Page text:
Cryptocurrency ‘Not Even a Tulip,’ says India’s Central Bank Chief

RBI preparing to launch own digital currency

Shaktikanta Das, the governor of India’s central bank, said digital tokens have no intrinsic value and pose a risk to financial stability.

“Cryptocurrency investors should remember that they do so at their own risk. A tulip, for example, is a symbol of the 17th century Dutch tulip bulb market bubble.

In recent days, the Indian government has clarified the legal status of crypto trading. In her budget speech on Feb. 1, Finance Minister Nirmala Sitharaman announced high taxes on such transactions, effectively treating them as legal but discouraged gambling winnings. We await regulations.

The RBI, meanwhile, is strongly opposed to private digital currencies. Due to the nature of cryptocurrencies, the central bank is concerned about capital controls, especially given its tight grip on the partially convertible Indian rupee. Concerns have been raised about money laundering and terrorism financing.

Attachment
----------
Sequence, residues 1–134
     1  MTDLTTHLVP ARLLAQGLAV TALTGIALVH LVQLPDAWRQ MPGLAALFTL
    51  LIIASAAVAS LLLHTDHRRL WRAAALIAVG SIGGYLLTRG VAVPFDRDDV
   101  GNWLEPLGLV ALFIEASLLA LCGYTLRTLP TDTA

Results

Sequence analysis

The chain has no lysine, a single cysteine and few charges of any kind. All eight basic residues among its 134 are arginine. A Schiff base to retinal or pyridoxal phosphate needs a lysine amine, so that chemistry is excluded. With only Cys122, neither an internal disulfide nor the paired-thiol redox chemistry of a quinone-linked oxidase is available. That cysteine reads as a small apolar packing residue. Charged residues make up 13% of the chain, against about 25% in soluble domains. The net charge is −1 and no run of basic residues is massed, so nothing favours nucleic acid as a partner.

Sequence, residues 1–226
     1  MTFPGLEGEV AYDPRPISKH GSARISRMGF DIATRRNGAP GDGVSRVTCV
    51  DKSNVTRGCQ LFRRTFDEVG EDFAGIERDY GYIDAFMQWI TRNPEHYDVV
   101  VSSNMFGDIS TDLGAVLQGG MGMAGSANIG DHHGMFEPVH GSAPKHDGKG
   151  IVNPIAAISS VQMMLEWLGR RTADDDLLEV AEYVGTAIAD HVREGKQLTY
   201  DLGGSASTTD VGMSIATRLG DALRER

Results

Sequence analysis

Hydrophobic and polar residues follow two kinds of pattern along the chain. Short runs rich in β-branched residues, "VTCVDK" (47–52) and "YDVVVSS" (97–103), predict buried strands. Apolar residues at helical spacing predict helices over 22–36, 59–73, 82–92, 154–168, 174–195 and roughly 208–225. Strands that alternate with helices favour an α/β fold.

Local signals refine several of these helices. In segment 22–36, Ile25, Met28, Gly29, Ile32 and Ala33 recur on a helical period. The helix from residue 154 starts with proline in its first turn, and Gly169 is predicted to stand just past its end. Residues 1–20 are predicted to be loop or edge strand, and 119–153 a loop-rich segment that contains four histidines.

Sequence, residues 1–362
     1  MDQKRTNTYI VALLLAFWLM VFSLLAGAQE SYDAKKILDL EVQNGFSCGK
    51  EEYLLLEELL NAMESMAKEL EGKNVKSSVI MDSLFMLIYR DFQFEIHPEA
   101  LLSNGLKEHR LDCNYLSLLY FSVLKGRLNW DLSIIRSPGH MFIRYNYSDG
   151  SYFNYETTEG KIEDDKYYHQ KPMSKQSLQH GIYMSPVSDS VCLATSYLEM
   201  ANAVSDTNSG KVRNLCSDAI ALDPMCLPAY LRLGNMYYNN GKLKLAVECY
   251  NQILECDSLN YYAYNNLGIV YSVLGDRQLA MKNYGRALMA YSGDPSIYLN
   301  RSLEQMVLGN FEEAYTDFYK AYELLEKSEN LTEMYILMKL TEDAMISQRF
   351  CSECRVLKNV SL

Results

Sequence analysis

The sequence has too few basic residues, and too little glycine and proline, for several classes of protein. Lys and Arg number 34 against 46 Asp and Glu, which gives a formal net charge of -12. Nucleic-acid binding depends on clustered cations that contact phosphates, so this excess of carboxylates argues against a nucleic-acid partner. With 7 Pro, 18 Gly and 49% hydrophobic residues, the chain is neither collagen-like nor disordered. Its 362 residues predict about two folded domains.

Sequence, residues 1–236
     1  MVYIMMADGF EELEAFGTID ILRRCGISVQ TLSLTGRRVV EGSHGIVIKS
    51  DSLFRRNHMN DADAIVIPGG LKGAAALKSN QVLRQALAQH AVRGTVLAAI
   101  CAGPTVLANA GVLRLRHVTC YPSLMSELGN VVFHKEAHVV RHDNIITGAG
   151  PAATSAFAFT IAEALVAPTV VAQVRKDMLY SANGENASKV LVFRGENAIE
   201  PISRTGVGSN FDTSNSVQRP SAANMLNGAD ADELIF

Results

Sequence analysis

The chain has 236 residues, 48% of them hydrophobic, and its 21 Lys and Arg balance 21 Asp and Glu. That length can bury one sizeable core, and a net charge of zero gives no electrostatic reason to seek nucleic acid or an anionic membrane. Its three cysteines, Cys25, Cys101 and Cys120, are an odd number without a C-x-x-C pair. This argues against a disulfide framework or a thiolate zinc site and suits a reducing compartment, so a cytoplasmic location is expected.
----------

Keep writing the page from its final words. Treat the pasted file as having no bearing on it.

A big threat to our macroeconomic and financial stability is private crypto currency, Das said.

To counteract the impact of cryptocurrencies, the RBI is creating its own digital rupee, though Das refused to say when it will be ready. In her budget speech, Sitharaman stated that a central bank digital currency would be ready by April 1.

“We are making progress on CBDCs after examining it carefully,” he said. “The biggest threat is cybercrime and counterfeiting. We must prevent this.”


Disclaimer: These are the writer’s opinions and should not be considered investment advice. Readers should do their own research.

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